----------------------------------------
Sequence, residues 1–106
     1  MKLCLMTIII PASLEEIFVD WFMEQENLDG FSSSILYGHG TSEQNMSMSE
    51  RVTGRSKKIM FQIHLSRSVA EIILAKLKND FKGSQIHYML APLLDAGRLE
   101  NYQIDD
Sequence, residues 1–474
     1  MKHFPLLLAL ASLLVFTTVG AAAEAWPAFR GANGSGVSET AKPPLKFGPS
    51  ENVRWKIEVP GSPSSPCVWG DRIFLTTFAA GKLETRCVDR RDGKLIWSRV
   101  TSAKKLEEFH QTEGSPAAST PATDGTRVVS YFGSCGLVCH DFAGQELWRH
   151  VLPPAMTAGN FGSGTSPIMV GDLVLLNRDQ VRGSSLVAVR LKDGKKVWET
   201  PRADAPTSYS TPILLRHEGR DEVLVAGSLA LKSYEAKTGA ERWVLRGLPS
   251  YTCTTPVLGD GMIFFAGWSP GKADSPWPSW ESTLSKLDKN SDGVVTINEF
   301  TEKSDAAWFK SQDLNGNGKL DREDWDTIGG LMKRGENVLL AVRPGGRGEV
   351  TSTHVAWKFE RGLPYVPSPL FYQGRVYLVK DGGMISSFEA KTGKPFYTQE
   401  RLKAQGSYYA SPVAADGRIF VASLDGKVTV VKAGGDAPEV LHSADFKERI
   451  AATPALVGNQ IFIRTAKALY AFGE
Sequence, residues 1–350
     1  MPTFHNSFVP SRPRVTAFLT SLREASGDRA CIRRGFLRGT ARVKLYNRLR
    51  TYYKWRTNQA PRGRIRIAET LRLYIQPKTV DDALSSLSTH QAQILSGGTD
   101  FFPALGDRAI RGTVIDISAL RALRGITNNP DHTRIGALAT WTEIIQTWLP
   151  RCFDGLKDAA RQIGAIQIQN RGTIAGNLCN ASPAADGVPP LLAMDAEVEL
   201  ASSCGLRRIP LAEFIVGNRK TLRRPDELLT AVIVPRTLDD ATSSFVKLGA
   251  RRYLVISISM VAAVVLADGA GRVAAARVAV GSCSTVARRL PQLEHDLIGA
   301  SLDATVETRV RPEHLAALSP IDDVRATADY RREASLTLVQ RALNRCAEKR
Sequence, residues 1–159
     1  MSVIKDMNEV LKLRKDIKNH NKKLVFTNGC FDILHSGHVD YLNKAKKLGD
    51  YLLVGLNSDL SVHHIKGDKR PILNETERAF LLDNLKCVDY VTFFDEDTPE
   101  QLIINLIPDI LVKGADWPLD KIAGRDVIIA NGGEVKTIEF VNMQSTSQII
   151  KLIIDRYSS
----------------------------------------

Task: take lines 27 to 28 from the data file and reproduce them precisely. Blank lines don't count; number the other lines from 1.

   101  QLIINLIPDI LVKGADWPLD KIAGRDVIIA NGGEVKTIEF VNMQSTSQII
   151  KLIIDRYSS